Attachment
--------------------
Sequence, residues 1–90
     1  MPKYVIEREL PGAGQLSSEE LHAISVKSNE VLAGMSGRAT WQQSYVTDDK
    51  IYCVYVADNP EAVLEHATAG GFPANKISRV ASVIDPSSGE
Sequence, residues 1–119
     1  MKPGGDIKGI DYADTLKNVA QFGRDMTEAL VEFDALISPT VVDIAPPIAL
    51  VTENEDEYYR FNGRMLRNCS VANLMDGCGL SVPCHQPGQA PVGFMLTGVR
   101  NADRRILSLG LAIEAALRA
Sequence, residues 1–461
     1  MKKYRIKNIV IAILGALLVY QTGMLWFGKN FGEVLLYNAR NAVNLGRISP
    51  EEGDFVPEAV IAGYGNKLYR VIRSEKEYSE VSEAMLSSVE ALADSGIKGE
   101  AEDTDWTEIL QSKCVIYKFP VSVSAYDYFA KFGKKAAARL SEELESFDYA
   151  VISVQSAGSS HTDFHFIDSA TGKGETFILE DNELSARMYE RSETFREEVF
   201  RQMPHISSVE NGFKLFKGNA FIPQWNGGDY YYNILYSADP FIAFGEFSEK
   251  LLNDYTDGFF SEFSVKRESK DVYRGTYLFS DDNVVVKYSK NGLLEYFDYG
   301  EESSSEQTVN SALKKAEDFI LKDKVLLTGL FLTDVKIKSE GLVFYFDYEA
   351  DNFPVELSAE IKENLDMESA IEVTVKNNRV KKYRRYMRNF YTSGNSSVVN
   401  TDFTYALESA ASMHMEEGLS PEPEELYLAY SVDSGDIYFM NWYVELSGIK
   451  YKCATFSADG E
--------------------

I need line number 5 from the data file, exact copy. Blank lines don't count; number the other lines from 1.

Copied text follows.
     1  MKPGGDIKGI DYADTLKNVA QFGRDMTEAL VEFDALISPT VVDIAPPIAL